on the image dataset. (As shown in Coughlan and Yuille (1999), there is a \nconvex set of distributions, of which the true distribution P(I) is a member, which \nshare the same mean statistics < \u00a2 >.) This second kind of ambiguity stems from \nthe fact that the mean statistics convey only a fraction of the information that \nis contained in the true distribution P(I). To resolve this second ambiguity it is \nnecessary to extract more information from the image data set. The simplest way \nto achieve this is to use a larger (or more informative) set of filters to lower the \nentropy of PM(I) (this topic is discussed in more detail in Zhu, Wu and Mumford \n(1997, 1998), Coughlan and Yuille (1999)). Alternatively, one can extend Minimax \nto include second-order statistics, i.e. the covariance of \u00a2 in addition to its mean d. \nThis is an important topic for future research. \n\n3 The Minutemax Approximations \n\nWe now illustrate the phase space approach by showing that suitable approximations \nof the phase space factor g( \u00a2) make it easy to estimate the potential X given the \nempirical mean d. The resulting fast approximations to Minimax Learning are \ncalled \"Minutemax\" algorithms. \n\n3.1 The Gaussian Approximation of g(\u00a2) \n\nIf the phase space factor g( \u00a2) may be approximated as a multi-variate Gaussian \n(see Coughlan and Yuille (1999) for a justification of this approximation) then the \nprobability distribution PM(\u00a2) = g(\u00a2)e).\u00b7i/Z(X) reduces to another multi-variate \nGaussian. (Note that we are making the Gaussian approximation in \u00a2 space- the \nspace of all possible image statistics histograms-and not filter response (feature) \nspace.) As we will see, this result greatly simplifies the problem of estimating the \npotential X. \nRecall that the mean and covariance of g( \u00a2) are denoted by c and G, respectively. \nThe null space of G has dimension n and is spanned by vectors il(1), il(2) ... il(n). \nAs discussed in Theorem 1, for all feasible values of \u00a2 (Le. all \u00a2 E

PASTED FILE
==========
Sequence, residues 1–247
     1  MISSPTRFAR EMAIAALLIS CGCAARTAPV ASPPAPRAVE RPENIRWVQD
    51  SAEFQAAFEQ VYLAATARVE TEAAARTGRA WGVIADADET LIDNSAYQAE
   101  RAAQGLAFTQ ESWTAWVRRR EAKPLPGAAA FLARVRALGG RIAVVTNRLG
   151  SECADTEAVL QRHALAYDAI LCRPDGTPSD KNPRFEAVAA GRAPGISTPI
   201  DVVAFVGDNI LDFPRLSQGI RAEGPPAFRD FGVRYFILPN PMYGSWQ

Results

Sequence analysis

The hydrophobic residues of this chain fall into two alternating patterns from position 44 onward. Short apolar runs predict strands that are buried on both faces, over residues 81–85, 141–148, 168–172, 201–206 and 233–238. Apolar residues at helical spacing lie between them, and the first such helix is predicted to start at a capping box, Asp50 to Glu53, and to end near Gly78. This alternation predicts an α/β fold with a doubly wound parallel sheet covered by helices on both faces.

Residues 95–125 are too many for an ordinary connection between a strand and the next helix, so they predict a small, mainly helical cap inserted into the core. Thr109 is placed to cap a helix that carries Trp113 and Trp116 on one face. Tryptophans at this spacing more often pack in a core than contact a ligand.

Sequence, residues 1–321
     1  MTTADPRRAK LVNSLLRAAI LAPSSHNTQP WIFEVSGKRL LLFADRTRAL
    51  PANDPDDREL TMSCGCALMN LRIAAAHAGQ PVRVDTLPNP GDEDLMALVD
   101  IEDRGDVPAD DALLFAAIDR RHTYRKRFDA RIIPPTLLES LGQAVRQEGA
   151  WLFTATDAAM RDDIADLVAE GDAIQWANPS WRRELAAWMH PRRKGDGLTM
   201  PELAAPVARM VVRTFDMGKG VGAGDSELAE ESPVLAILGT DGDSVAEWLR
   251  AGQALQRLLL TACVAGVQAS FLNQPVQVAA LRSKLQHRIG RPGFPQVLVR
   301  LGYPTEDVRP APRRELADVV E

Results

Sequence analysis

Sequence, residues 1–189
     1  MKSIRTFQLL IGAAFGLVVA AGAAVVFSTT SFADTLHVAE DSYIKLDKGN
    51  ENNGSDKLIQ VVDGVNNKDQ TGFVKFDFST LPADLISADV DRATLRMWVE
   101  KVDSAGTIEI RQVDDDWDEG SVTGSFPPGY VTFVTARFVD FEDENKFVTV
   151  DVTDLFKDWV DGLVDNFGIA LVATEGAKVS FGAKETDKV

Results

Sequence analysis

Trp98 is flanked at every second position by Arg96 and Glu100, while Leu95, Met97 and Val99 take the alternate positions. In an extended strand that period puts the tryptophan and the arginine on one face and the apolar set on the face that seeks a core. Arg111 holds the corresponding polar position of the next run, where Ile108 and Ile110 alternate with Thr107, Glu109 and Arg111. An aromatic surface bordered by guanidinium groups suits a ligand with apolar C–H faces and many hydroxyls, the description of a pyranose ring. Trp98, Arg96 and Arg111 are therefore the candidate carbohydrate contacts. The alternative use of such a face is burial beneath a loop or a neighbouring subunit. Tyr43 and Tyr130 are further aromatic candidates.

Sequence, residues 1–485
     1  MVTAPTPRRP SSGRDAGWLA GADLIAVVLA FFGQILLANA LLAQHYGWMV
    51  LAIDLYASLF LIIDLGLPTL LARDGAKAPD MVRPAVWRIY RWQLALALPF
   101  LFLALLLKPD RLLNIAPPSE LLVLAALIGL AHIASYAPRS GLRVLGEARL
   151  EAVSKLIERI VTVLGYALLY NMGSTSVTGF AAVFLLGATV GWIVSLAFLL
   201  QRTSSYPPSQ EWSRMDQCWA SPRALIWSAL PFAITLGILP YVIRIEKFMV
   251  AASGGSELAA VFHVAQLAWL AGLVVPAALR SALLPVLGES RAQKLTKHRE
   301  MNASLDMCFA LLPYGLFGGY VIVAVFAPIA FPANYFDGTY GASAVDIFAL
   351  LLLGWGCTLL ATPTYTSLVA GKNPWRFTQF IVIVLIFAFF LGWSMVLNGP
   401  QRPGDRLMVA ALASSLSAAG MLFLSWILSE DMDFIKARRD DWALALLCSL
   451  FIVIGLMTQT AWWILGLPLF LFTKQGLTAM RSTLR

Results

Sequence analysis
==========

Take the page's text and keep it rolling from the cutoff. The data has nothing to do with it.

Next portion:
gauss= .,p = J, and so we can write a linear equation relating X and \nd: d= c+cX. \nIt can be shown (Zhu - private communication) that solving this equation is equiv(cid:173)\nalent to one step of Newton-Raphson for minimization of an appropriate cost func(cid:173)\ntion. This will fail to be a good approximation if the cost function is highly non(cid:173)\nquadratic. As explained in Coughlan and Yuille (1999), the Gaussian approximation \nis also equivalent to a second-order perturbation expansion of the partition function \nZ(X); higher-order corrections can be made by computing higher-order moments of \ng($). \n\n3.2 Experimental Results \n\nWe tested the Gaussian Minutemax procedure on two sets of filters: a single (fine \nscale) image gradient filter aI/ax, and a set of multi-scale image gradient filters \ndefined at three scales, similar to those used by Zhu and Mumford (1997). In both \nsets, the fine scale gradient filter is linear with kernel (1, -1), representing a dis(cid:173)\ncretization of a/ax. In the second set, the medium scale filter kernel is (U2 , -U2 )/4 \nand the coarse scale kernel is (U4 , -U4 )/16, where Un denotes the n x n matrix of all \nones. The responses of the medium and coarse filters were rounded (i.e. quantized) \nto the nearest integer, thus adding a non-linearity to these filters. Finally, d was \nmeasured on a data set of over 100 natural images; the fine scale components of d \nare shown in the first panel of Figure (1) and were empirically very similar to the \nmedium and coarse scale components. \nA X that solves d = c + cX is shown in the third panel of Figure (1) for the first \nfilter (along with c in the second panel) and in the three panels of Figure (2) for \nthe multi-scale filter set. The form of X is qualitatively similar to that obtained by \nZhu and Mumford (1997) (bearing in mind that Zhu disregarded any filter responses \nwith magnitude above Q/2, i.e. his filter response range is half of ours). In addition, \nthe eigenvectors of C with small eigenvalues are large away from the origin, so one \nshould not trust the values of the potentials there (obtained by any algorithm). \n\nZhu and Mumford (1997) report interactions between filters ' applied at different \nscales. This is because the resulting potentials appear different than the potential \nat the fine scale even though the histograms appear similar at all scales. We argue, \nhowever, that some of this \"interaction\" is due to the different phase factors at \ndifferent scales. In other words the potentials would look different at different scales \neven if the empirical histograms were identical because of differing phase factors. \n\n3.3 The Multinomial Approximation of g(\u00a2) \n\nMany learning theories simply make probability distributions on feature space. How \ndo they differ from Minimax Entropy Learning which works on image space? By \n\n\f766 \n\n1. M Coughlan and A. L. Yuille \n\n., ~ \nI \n\n~ \n\n; \n! \n\n. , \n\n,'. \n\n.. \n\nl \n\nFigure 2: From left to right: the fine, medium and coarse components of - X as \ncomputed by the Gaussian Minutemax approximation. \n\n\". \n\nFigure 3: Left to right: d, c, and -X as given by multinomial approximation for the \na / ax filter at fine scale. \n\nexamining the phase factor we will show that the two approaches are not identical \nin general. The feature space learning ignores the coupling between the filters \nwhich arise due to how the statistics are obtained. More precisely, the probability \ndistribution obtained on feature space, PF, is equivalent to the Minimax distribution \nPM if, and only if, the phase factor is multinomial. \n\nWe begin the analysis by considering a single filter. As before we define the com(cid:173)\nbinatoric mean c = L:r$ g( i)i. The multinomial approximation of g( i) is equiv(cid:173)\nalent to assuming that the combinatoric frequencies of filter responses are inde(cid:173)\npendent from pixel to pixel. Since the combinatoric frequency of filter response \nj E {I, 2, .. . , fmax} is Cj and there are N